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Protecting beef cattle from IBR

Published 20th March 2014 | Article by Aly Balsom (Farmers Guradian)
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ASSESSING disease risk and designing a farm specific herd health programme is essential to protect all beef herds against the effects of IBR.

Establishing herd Infectious Bovine Rhinotracheitis (IBR) status and farm-specific risk factors should be a priority for any beef farm looking to protect health and performance in all ages of stock.

The highly contagious nature of IBR, along with widespread and varying signs of the disease means exposure at any level can have severe implication to both adult and young cattle.

Caused by bovine herpesvirus, BHV-1 the true signs of IBR include respiratory problems in the upper respiratory tract. This can show as pneumonia or conjunctivitis in both adult cattle and calves, with the virus often adding to the weight of calf pneumonia problems.

BHV-1 can also cause milk drop, embryonic losses and general fertility problems. In general, all these signs are collated together and talked about under the umbrella of IBR.

BHV-1 can be spread via the cow’s airways and bull semen. Once infected an animal will become a latent carrier and spread the virus in times of stress, explains vet Andrew Biggs, of the Vale Vet Group.

“IBR is very persistent and has the potential to flare up at a later date in carrier cows. Shedding could be brought on by any stressful event such as calving or bad weather. However once brought on, the flame can start burning through the whole herd.” This could cause resurgence in problems in a herd or could introduce the problem to a naive herd.

Yorkshire vet Jonathan Statham, of Bishopton Vet Group, says IBR can cause particular problems at autumn housing when calves are weaned.

Weaning

“The stress of weaning can add to disease spread risk. You have also got the added risk of warm conditions at housing with animals in close proximity. It only takes one infectious animal to spread IBR to that whole group,” he says.

Producers can commonly see severe pneumonia outbreaks leading to high treatment costs and mortality. Signs include clear, runny noses leading to thick snot within a week. However the underlying sub-clinical effects can be even more dramatic.

“Infection can reduce feed conversion efficiency and effect calf growth rates. You can still have grumbling infection which causes damage to the respiratory tract without clinical signs.”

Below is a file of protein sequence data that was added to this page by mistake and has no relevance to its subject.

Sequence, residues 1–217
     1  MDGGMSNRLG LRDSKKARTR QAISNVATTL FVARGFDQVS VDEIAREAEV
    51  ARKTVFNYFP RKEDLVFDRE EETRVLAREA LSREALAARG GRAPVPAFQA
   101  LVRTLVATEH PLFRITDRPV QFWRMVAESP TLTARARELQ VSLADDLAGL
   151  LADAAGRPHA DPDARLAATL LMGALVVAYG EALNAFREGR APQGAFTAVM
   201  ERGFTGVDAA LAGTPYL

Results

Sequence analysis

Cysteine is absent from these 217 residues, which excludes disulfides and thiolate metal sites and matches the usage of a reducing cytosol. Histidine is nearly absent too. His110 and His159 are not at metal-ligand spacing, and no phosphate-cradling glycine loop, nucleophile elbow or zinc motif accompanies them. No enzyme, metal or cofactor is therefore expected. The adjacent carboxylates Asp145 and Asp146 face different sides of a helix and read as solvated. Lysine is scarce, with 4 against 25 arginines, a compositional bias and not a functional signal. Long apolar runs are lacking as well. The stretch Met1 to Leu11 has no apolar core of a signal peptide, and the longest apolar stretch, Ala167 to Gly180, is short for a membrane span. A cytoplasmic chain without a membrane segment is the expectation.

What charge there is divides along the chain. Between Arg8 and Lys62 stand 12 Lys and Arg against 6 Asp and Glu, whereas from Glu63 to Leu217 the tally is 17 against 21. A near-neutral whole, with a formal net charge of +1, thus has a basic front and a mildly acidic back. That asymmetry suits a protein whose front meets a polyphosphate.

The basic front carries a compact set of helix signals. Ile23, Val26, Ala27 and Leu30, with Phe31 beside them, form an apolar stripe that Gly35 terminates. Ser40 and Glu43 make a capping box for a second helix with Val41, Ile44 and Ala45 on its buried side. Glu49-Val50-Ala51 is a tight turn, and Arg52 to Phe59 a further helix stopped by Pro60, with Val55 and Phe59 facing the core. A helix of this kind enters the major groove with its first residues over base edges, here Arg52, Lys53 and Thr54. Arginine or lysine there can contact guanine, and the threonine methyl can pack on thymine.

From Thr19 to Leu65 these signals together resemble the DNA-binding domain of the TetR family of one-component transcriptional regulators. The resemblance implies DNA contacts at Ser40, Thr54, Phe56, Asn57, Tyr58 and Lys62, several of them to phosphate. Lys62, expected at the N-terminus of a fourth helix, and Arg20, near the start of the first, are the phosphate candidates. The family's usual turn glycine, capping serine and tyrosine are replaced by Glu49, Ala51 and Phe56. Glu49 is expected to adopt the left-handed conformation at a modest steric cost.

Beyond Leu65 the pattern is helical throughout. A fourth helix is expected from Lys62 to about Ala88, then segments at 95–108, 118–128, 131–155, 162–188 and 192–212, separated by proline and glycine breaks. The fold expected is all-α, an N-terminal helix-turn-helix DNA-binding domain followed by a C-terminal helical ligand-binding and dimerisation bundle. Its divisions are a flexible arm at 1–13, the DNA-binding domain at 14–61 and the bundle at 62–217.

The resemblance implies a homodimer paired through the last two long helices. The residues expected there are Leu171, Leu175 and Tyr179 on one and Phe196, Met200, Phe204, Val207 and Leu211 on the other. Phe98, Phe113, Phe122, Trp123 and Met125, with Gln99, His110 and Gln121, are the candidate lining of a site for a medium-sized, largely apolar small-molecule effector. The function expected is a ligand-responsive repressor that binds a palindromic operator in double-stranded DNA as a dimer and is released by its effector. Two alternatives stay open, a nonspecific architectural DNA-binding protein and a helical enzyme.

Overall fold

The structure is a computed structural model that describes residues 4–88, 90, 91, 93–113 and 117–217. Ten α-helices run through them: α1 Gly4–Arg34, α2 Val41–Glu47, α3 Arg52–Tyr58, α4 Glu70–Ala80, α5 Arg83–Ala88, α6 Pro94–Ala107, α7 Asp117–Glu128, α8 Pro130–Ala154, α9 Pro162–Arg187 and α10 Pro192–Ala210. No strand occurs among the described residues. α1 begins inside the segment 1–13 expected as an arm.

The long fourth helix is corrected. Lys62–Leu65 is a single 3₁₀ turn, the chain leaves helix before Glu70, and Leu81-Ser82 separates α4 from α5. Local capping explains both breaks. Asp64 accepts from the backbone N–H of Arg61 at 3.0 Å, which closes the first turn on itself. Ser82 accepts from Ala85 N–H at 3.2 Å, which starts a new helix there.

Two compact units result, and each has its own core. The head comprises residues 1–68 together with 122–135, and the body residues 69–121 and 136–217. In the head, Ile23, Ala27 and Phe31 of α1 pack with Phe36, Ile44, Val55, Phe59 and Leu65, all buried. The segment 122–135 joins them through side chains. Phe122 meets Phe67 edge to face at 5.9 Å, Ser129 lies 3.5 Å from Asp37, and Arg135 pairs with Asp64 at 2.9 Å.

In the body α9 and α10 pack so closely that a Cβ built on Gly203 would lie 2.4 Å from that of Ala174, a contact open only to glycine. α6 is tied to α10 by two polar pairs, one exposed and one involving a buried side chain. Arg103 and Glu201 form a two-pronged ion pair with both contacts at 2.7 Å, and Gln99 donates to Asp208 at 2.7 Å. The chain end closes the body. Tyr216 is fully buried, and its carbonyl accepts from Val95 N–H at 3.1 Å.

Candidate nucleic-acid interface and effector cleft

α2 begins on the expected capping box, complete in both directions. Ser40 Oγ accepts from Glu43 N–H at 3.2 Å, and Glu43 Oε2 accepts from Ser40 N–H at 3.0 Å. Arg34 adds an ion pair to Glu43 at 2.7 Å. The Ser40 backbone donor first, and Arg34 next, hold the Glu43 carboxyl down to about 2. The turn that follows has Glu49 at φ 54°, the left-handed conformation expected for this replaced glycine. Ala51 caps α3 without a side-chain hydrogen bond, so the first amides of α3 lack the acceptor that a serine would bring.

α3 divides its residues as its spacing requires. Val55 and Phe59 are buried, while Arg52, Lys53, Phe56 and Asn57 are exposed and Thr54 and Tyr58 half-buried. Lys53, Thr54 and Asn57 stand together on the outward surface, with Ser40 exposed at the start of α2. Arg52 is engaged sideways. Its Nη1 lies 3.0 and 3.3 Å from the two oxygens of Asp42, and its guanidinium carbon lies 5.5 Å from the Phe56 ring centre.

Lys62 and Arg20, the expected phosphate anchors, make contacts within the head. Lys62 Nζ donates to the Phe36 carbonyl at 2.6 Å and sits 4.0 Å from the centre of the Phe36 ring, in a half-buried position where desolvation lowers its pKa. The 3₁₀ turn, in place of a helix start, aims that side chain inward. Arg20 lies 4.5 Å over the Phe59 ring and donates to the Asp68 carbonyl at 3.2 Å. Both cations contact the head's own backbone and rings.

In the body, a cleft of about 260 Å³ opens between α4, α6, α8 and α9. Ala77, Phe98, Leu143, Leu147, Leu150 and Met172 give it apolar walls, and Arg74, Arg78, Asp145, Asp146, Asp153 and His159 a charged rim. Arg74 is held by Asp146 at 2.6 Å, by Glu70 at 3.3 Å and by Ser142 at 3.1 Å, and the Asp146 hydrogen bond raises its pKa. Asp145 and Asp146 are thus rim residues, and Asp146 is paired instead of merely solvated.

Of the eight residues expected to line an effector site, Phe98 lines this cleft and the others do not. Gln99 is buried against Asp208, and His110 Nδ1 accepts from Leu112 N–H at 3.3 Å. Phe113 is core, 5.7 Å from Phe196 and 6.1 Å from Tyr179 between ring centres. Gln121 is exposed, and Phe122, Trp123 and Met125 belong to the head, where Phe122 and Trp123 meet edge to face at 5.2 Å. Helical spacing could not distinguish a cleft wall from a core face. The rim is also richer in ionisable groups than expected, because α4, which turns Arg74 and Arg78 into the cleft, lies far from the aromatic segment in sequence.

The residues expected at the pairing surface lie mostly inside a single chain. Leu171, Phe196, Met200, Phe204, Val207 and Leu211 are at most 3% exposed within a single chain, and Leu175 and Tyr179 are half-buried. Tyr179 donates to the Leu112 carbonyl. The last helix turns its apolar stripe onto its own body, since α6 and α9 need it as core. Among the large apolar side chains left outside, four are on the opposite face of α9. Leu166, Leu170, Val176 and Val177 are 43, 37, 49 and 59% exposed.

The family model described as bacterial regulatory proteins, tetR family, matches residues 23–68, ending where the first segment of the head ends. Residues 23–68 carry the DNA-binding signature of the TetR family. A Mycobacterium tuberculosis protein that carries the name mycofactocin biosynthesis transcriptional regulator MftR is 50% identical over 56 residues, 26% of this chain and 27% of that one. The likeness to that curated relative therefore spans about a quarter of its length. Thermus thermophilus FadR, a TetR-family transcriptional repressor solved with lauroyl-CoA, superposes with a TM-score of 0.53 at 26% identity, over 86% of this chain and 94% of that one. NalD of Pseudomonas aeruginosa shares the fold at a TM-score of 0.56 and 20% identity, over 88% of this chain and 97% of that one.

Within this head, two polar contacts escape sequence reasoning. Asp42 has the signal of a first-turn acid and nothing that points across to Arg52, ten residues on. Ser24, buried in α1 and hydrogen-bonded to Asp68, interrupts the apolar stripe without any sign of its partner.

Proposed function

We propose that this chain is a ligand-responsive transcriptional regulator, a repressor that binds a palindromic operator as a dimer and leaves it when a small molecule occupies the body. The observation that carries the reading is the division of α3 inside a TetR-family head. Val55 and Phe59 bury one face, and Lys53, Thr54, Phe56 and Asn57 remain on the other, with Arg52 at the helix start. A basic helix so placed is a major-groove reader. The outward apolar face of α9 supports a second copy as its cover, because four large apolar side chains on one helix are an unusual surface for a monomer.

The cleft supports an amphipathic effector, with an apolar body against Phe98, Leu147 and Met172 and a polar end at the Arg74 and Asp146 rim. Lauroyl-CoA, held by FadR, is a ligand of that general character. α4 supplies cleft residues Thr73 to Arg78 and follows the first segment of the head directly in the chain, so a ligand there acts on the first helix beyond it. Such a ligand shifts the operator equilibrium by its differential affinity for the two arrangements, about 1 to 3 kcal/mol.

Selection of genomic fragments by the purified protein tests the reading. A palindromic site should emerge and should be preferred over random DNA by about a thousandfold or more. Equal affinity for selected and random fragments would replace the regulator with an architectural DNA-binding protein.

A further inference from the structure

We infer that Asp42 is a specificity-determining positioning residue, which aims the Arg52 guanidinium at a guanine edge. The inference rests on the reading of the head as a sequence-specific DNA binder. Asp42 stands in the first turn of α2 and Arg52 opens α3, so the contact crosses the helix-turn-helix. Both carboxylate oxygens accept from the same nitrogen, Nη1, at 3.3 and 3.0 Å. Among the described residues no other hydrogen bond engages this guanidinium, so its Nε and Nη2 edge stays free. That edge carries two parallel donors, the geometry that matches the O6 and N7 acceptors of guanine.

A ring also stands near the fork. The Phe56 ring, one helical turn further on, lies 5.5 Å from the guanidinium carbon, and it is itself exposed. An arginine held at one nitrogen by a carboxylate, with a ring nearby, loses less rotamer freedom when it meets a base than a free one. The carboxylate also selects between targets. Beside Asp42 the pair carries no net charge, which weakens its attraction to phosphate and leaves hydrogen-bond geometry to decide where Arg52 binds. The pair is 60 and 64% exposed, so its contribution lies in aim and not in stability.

Infected breeding animals can also experience fertility issues such as abortion and embryonic losses. That could reduce the calf crop for that year, or mean a cow takes longer to get in-calf, leading to reduced calf weights and a greater chance she will be culled.

Mr Statham says it is important to establish the disease status of a breeding herd and design a bespoke herd health plan with a vet. Whether vaccination is appropriate in youngstock and/or cows should be decided after establishing herd risk factors. The decision may be made to vaccinate calves at weaning depending on individual farm situation.

“To check your status, carry out a youngstock check on a sample of animals over eight months old. If bloods test positive it suggests IBR is currently circulating,” he says.

“When the test is negative, it makes boundary repair and biosecurity even more important to ensure you do not introduce IBR. If you do introduce one IBR positive animal to a naive herd it can result in a massive disease outbreak.”

In a naive herd, remaining closed is preferential. However, on all systems, if you have to buy-in, ensure it is from a herd of known disease status.

Bulls

Exposure to the disease could lead to reduced bull fertility, while the fact IBR can be spread via semen also means it is important to include stock bulls in any herd health policy. Knowing the IBR status of the breeding herd is crucial to protect both cows and bulls from infection.

Also check bull catalogues for the IBR status of AI bulls so you do not inadvertently introduce the disease through AI.

When store cattle are being bought-in from multiple sources or from market, the chance of introducing disease is high. As a result, Mr Statham recommends using a live intranasal IBR vaccine on all bought-in stock as soon as they are settled on farm. He says this type of vaccine stimulates a rapid immune response.

“The stress of transport can cause carrier animals to start shedding, so for anyone buying in store or fattening cattle, vaccinating all purchased animals is a good approach to safeguard performance,” he says.

Infectious Bovine Rhinotracheitis (IBR) explained

  • Caused by bovine herpesvirus and excreted from airways and bull semen
  • Once infected cows become latent carriers for life and can shed the disease when stressed
  • Clinical signs include runny noses, pneumonia, loss of appetite, high temperature and milk drop
  • Good biosecurity is key to preventing spread. Vaccination can help protect naive animals
  • A marker vaccine is available to distinguish vaccinated and naturally infected herds

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